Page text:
Discussed is how occupational structure determines women's quitting behavior on marriage and childbirth, which is the main factor of discontinuity of women's work-force participation in Japan. With the exception of those who employed in family enterprises, we restrict our attention to the modern sexual division of labor, which is the division between occupational work and domestic labor. Personal histories are drawn from a 1985 nationwide survey. The samples are divided into two cohorts: born before 1945 and after. Three hypotheses compete in explaining changes between the two cohorts.
The first hypothesis argues that higher occupational status reduces quitting rate (QR) because of its economic advantage and better occupational condition. The data show contrary to the hypothesis: Higher occupations exhibit higher QR.
The second hypothesis argues that, in workplace under the Japanese management, sex segregation between stable and mobile employment increases QR through encouraging gender ideology. We reject this hypothesis because changes in inter-firm mobility of men and women are inconsistent with changes in QR.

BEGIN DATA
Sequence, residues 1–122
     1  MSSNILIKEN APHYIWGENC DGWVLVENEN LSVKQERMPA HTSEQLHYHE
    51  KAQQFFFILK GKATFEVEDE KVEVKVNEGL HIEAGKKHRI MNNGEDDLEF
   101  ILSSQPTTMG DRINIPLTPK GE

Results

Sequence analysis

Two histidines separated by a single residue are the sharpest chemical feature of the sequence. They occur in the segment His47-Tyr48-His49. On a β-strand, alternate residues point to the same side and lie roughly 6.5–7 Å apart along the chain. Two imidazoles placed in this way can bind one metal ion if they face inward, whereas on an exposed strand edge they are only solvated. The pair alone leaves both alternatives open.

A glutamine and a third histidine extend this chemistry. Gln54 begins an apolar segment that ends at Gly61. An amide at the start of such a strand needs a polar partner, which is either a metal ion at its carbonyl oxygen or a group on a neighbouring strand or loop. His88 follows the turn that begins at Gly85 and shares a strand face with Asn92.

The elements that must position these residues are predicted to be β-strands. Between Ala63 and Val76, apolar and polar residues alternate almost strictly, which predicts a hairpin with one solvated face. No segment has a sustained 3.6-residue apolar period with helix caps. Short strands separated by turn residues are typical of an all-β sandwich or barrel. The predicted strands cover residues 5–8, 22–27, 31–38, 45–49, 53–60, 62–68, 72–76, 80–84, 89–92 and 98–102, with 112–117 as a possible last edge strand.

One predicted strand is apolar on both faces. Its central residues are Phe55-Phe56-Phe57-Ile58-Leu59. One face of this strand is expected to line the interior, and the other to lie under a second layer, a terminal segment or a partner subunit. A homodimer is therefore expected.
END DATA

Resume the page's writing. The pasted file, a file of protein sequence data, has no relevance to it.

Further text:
The third hypothesis argues that opportunities of advancement (OA) discourage women from quitting. To measure OA, we feature two factors: (1) size of internal labor markets and (2) frequency of inter-firm upward mobility. We observe just this hypothesis expect: Decrease in both of the factors is necessary and sufficient to increase QR.
The results show OA to be the main and direct cause of promoting continuity of women's work-force participation. It is also suggested that Japanese women have made no gain in OA in the postwar period, which stiff situation may be the reason why QR has been keeping the level of 60%.
Last updated 2002-04-22.